Middle East respiratory syndrome, or MERS, is spreading across the globe, and while a vaccine could be developed, there’s little commercial incentive to make one.
Fitness bands like the Jawbone Up are in an unusual and enviable position in the electronics business: people rarely take them off.
If you wear a Jawbone Up24 around town, people might ask what it is. The wristband looks like a piece of futuristic jewelry, skinned in a rubbery plastic with a wavy pattern. Even in matte black, the most unexciting of available colors, it stands out.
Although major reports conclude that avoiding climate change is affordable, costs could skyrocket without smart, immediate action.
Major reports are concluding that stabilizing greenhouse-gas emissions to avoid catastrophic climate change is possible and can be done at a relatively low cost. But the details of the reports make it clear that when you factor in real-world issues—such as delays in developing and implementing technology and policy—the cost of solving climate change gets much higher. Switching from fossil fuels to low-carbon sources of energy will cost $44 trillion between now and 2050, according to a report released this week by the International Energy Agency. That sounds like a lot of money, but the report also concludes that the switch to low-carbon technologies such as solar power—together with anticipated improvements in efficiency—will bring huge savings from reduced fossil-fuel consumption. As a result, the world actually comes out slightly ahead: the costs of switching will be paid for in fuel savings between now and 2050.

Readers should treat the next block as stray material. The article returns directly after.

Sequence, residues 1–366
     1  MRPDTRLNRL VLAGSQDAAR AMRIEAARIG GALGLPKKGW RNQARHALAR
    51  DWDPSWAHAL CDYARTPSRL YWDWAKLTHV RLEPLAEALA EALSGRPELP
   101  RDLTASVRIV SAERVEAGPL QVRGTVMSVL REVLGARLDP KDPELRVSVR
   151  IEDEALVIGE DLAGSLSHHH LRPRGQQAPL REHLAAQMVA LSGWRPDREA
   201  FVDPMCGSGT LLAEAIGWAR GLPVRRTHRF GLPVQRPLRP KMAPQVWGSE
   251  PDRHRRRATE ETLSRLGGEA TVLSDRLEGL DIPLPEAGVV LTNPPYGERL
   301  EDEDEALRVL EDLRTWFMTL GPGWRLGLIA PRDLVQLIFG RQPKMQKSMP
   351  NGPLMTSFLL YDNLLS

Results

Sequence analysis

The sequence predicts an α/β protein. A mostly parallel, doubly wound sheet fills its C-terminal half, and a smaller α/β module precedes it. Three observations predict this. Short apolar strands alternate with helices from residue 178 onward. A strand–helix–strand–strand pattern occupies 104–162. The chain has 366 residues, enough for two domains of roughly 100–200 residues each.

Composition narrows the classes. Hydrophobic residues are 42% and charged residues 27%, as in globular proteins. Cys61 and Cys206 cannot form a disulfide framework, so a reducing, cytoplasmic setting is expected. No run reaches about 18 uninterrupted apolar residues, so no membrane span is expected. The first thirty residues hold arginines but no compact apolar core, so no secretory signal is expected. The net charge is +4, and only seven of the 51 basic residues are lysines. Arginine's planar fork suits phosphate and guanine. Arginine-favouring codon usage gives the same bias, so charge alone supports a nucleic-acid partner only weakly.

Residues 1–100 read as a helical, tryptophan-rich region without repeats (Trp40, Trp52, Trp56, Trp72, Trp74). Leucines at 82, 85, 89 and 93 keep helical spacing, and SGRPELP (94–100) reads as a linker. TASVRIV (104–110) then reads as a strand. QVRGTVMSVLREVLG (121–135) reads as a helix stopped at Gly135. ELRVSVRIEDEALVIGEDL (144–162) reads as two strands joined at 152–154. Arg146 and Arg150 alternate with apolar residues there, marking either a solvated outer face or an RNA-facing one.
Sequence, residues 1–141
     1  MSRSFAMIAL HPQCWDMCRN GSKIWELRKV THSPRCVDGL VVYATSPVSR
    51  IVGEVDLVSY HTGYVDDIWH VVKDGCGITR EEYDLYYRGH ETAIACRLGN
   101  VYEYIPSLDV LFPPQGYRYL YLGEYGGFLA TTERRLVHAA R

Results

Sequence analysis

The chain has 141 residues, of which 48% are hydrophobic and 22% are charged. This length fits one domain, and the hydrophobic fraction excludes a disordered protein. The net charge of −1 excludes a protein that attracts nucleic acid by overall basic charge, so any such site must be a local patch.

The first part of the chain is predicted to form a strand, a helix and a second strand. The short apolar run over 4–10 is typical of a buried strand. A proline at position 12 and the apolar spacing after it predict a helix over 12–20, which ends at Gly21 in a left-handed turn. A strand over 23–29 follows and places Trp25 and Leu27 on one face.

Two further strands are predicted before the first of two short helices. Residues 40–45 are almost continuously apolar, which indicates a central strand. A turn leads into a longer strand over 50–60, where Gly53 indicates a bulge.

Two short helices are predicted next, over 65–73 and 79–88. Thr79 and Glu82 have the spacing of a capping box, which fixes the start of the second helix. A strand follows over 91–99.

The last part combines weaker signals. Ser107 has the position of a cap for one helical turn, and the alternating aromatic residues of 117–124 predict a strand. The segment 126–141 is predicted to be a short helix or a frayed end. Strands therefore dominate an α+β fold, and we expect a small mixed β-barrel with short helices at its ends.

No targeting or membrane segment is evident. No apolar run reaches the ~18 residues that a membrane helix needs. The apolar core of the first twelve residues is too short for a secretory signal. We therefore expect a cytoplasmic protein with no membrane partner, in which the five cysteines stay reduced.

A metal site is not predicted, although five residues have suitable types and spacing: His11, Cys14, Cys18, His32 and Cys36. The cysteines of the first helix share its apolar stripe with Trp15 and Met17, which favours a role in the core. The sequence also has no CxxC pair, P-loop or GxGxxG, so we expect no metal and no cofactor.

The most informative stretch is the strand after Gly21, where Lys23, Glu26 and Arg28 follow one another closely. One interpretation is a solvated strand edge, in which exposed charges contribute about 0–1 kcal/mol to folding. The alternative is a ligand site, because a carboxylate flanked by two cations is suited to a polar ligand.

A movable smart-watch screen makes it easier to read a map or play a game.
The first time I tried out a smart watch with a touch screen, I quickly went from feeling excited to feeling clumsy. Tapping or swiping the small display on my wrist often failed to yield the response I expected. It might have been the quality of the screen, but it may have also been simply that the screen was too small and my fingers too big.
A unique gathering of 13 companies showcases a coming year of launches.
It was a rare meeting of minds. Representatives from 13 commercial space companies gathered on May 1 at a place dedicated to going where few have gone before: the Explorers Club in New York.
Other big Chinese e-commerce companies, including JD.com, merge social networking, payments, and mobile.
The planned initial public offering of the world’s biggest e-commerce site—China’s Alibaba—will do more than mint a hoard of new millionaires. It will draw attention to other Chinese e-commerce sites, many with homegrown technology, that are itching to gain the eye of American investors.